Preparing the Supply Chain for a Coronavirus Vaccine

As we fight to “flatten the curve” of the coronavirus pandemic, scientists are urgently working to create a vaccine. Manufacturing and distributing hundreds of millions of doses when a vaccine is approved is yet another challenge to address.

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The issue of creating a viable vaccine on a greatly reduced schedule is one challenge – what generally takes 4 years or more is being pushed to accomplish in one. The global supply chain during the pandemic has already taken a hit in so many ways as distribution channels are slowed and labor shortages and product delays complicate matters even further. Planning for the additional raw materials and supplies that will be needed to distribute a vaccine is a task that some say needs to happen now.

Vials, rubber stoppers, syringes and plungers will need to be available in quantities of hundreds of millions in the U.S. alone, and the distribution issues, confusion and shortages of necessary medical supplies currently being experienced to fight the virus should be a warning of much needed planning for the near future. According to a recent NY Times article, “details are still scarce about which federal agency would be responsible” for vaccine delivery devices under the White House’s vaccine production plan.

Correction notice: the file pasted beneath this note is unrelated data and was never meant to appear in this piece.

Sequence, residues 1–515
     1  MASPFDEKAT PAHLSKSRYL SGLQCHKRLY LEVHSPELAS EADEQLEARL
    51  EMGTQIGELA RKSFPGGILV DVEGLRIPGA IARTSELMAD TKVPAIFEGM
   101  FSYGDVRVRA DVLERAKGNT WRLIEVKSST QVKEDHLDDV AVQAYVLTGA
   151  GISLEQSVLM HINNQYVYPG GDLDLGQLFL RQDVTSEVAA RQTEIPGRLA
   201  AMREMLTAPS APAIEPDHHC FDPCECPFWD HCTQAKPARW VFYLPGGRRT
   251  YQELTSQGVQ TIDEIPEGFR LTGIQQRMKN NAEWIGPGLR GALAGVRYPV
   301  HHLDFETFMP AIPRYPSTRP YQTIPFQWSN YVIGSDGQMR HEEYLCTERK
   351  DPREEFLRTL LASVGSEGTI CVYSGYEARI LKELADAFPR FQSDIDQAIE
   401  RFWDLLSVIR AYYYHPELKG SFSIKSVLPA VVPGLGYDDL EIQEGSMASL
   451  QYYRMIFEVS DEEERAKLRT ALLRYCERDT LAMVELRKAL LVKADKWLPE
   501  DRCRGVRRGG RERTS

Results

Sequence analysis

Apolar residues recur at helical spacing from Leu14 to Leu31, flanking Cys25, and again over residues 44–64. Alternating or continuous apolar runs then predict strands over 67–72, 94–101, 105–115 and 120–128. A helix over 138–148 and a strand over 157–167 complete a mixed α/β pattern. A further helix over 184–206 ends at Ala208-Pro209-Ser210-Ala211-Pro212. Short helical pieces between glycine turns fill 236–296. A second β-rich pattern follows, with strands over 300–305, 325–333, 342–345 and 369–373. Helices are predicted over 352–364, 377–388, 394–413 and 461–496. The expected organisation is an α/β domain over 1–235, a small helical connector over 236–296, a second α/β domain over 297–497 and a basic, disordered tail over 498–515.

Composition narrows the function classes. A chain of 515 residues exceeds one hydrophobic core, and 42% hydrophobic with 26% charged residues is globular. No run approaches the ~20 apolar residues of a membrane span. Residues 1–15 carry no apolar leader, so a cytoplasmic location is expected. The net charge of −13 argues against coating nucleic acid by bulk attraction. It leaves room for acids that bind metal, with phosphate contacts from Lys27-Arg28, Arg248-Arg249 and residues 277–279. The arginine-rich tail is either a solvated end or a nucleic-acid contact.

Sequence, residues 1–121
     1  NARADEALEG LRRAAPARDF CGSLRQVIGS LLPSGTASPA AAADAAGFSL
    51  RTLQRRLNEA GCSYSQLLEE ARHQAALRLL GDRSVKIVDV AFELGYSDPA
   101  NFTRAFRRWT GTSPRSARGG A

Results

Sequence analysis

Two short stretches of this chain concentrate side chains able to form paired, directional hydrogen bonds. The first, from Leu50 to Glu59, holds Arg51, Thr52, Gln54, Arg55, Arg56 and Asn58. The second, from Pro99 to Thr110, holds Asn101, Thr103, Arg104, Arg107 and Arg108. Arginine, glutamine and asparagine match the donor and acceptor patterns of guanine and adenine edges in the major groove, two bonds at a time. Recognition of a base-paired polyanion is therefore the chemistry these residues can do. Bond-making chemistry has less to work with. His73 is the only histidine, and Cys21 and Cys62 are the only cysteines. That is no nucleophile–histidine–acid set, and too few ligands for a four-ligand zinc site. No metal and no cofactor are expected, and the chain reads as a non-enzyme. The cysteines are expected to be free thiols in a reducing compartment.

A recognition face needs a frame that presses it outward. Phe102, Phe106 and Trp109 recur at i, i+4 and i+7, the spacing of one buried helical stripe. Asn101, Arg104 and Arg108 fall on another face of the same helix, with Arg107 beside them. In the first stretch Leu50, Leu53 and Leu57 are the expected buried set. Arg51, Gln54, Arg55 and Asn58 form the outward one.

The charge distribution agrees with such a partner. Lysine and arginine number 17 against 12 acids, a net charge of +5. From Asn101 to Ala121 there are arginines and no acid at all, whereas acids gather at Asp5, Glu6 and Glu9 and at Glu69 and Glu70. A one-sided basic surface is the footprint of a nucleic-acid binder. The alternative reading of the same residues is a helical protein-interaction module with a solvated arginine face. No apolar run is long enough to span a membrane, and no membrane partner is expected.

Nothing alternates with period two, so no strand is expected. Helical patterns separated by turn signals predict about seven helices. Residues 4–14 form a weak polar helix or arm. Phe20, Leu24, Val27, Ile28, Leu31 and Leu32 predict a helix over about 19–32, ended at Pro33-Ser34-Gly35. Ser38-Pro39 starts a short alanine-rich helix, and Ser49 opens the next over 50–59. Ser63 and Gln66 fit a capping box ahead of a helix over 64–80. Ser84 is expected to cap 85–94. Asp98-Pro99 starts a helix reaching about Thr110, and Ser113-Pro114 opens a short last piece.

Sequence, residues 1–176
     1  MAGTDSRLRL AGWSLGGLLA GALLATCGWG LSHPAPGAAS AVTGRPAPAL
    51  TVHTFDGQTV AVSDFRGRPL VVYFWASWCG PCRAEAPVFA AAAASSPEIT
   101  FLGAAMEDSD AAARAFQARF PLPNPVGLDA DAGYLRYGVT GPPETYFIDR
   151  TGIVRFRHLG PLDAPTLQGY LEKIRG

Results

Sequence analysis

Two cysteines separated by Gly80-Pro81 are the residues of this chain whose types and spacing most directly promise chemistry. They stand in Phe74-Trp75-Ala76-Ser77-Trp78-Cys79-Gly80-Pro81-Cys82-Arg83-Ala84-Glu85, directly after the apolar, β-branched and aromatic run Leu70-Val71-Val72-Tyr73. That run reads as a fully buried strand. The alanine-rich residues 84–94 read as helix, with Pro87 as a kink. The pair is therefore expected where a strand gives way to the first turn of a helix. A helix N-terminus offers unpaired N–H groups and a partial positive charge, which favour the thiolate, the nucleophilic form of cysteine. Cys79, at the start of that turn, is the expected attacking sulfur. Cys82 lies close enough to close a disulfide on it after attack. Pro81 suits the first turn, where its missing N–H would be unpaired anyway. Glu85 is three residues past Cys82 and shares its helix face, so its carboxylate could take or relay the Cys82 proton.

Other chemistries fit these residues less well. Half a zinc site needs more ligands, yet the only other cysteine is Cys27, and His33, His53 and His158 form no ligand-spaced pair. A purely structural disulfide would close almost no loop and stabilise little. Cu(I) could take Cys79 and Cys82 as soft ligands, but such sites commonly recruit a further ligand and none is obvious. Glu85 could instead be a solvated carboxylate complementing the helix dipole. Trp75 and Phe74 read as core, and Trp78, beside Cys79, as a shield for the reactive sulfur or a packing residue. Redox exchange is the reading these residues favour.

The article goes on to say that there are currently at least 69 countries that have banned or restricted the export of medical devices, medicines and protective equipment due to the coronavirus, and many U.S. manufacturers import glass tubing, polypropylene and rubber or silicone for their own operations, largely from China and India where lockdowns and export bans are also in place. To meet these needs, supply channels within the U.S. may have to come from manufacturers that are currently operating outside of the health care industry.


See All Roads Lead to Delay in the Time of COVID-19


The procurement will likely be daunting, but as one doctor told the NY Times, “The good news is we have time.” Device and package production must be scaled while vaccines are in development.


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